No, not the former boy band from the 1990s. We’re talking about composer Howard Hanson (1896-1981), one of the more important American musical figures of the 20th century. A great deal of American musical culture over the last half century owes a huge debt to Hanson, who, in his forty years as director of the Eastman School of Music, presided over an institution that has become one of the premiere music schools in this country.
Hanson was also a noted composer and conductor. I first encountered his work at a summer music camp, when the concert band played a transcription of the second movement of his Symphony No. 1. A few years later, in college, I was blessed with the opportunity to play the Symphony No. 2, subtitled “Romantic”. And Romantic it is: despite living in the age of Modernism in music, Howard Hanson’s heart clearly beat with lyrical Romanticism, and it’s that quality that shines through in nearly everything he wrote.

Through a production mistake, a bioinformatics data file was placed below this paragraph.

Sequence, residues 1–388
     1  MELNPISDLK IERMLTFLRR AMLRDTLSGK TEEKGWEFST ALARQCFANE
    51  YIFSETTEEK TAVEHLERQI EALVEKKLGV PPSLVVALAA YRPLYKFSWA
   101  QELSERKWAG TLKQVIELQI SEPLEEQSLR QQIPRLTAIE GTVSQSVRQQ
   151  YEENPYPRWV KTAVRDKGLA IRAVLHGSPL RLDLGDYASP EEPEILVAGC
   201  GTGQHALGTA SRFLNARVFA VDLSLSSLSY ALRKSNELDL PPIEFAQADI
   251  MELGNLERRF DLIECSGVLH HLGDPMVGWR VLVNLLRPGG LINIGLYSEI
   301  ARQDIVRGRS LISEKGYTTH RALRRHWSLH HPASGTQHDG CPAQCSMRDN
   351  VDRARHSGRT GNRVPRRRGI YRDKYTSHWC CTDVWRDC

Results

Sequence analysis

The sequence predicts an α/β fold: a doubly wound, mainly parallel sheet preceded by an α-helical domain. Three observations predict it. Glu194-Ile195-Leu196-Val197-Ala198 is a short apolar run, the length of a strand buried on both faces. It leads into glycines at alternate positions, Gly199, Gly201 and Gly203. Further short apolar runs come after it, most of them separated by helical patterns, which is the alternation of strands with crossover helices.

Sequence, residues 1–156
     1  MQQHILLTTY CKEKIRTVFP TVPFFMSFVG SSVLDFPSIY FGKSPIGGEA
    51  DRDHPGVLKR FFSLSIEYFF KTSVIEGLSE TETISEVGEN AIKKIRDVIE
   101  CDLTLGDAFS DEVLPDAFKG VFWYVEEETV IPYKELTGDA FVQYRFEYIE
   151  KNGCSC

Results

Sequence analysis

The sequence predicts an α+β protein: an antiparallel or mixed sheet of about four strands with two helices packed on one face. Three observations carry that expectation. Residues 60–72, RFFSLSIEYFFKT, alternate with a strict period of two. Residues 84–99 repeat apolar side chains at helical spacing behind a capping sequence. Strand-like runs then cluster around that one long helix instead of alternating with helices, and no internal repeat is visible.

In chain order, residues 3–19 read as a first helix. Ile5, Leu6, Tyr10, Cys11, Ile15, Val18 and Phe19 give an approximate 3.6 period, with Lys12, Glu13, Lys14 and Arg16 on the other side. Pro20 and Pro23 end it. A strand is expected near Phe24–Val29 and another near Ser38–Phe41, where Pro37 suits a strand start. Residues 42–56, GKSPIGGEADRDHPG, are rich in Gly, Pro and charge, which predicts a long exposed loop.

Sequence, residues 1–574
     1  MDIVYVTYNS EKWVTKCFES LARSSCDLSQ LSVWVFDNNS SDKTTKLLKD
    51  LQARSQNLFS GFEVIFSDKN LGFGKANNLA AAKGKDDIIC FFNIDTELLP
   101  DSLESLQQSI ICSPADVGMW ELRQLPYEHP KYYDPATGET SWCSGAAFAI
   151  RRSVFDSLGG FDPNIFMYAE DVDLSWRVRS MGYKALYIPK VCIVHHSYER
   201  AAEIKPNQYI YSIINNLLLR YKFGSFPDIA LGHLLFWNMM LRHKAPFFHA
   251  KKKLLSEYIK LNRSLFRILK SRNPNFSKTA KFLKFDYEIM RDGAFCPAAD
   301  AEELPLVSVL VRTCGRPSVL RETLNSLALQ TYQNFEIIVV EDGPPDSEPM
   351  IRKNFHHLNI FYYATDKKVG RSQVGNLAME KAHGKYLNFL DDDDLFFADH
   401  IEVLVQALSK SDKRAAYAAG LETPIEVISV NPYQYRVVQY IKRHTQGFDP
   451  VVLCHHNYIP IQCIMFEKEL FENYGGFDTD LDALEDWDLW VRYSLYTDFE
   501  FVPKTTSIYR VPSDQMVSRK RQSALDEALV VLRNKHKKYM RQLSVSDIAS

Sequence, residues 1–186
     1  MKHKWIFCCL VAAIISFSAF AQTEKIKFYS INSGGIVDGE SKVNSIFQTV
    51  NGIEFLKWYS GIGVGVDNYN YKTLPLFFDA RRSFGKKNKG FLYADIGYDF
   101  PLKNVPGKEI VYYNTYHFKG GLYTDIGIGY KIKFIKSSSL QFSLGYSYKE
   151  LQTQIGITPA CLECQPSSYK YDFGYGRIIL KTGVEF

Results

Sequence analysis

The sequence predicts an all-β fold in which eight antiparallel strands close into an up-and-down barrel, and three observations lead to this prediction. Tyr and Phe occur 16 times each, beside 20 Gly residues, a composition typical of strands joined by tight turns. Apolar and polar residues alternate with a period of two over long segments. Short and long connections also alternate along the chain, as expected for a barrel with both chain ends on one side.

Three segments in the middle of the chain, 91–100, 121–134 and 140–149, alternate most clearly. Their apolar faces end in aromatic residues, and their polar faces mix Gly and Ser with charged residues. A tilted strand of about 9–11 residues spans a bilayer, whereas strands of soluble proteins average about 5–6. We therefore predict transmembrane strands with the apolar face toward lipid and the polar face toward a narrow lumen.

The Symphony No. 2 in addition to being loaded with gorgeous melodic material, is a dramatic work that employs a cyclic construction. When listening to the work, you’ll hear in each movement references to what has gone before, especially in the third movement, when the entire piece builds to one of the more moving conclusions to a symphony that I know.
And speaking selfishly as a former brass player, I loved this piece from the standpoint of the principal trumpet part. So did our principal horn player, next to whom I sat. Each of us got a lot of cool stuff to do, which is always nice. One of the first things any brass player does when encountering a new piece in an orchestral setting is thumb through their part and say, “What do I get to do on this one?”
Here is Howard Hanson’s Symphony No. 2. (UPDATE: I replaced the recording that I had used originally, because the third movement of the original recording had so many skips it was like listening to a worn LP.)
Tomorrow: a work I have never heard before. Seriously! I’m not even going to listen to it for the first time until tomorrow morning. That’ll be fun!